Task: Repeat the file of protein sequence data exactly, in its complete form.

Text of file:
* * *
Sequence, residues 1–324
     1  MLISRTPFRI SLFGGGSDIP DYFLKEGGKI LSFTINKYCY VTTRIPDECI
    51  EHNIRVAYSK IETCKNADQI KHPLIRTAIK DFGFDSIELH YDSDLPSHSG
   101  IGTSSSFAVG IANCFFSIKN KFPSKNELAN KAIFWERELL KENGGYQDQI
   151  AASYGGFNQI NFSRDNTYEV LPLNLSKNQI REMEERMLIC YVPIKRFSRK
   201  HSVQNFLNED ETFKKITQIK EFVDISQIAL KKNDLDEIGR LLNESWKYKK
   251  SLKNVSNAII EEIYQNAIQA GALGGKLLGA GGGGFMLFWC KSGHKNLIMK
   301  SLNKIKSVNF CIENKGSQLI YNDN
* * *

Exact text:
Sequence, residues 1–324
     1  MLISRTPFRI SLFGGGSDIP DYFLKEGGKI LSFTINKYCY VTTRIPDECI
    51  EHNIRVAYSK IETCKNADQI KHPLIRTAIK DFGFDSIELH YDSDLPSHSG
   101  IGTSSSFAVG IANCFFSIKN KFPSKNELAN KAIFWERELL KENGGYQDQI
   151  AASYGGFNQI NFSRDNTYEV LPLNLSKNQI REMEERMLIC YVPIKRFSRK
   201  HSVQNFLNED ETFKKITQIK EFVDISQIAL KKNDLDEIGR LLNESWKYKK
   251  SLKNVSNAII EEIYQNAIQA GALGGKLLGA GGGGFMLFWC KSGHKNLIMK
   301  SLNKIKSVNF CIENKGSQLI YNDN